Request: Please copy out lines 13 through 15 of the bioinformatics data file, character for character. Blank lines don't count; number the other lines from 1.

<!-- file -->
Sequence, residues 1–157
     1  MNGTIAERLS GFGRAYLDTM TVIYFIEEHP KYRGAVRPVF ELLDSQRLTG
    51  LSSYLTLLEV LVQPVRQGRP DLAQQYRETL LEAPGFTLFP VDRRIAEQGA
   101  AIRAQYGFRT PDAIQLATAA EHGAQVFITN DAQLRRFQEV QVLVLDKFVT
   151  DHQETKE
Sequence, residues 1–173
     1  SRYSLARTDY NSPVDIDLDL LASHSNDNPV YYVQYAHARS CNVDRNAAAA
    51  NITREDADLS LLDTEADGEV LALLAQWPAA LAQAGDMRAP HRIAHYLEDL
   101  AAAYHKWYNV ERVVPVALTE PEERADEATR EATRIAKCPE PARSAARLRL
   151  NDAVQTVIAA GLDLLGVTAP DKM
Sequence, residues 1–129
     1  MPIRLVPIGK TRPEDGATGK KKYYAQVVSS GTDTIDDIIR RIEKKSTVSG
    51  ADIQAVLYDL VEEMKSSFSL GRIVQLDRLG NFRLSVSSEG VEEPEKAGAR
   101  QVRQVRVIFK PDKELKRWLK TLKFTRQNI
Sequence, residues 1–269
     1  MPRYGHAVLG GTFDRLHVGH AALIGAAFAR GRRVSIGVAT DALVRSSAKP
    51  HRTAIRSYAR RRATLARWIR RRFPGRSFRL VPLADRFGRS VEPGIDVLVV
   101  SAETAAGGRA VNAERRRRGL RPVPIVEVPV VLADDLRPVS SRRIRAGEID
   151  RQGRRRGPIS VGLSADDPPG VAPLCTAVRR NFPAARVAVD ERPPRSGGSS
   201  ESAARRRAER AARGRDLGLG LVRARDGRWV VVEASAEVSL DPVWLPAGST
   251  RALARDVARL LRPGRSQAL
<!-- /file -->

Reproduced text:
    51  ADIQAVLYDL VEEMKSSFSL GRIVQLDRLG NFRLSVSSEG VEEPEKAGAR
   101  QVRQVRVIFK PDKELKRWLK TLKFTRQNI
Sequence, residues 1–269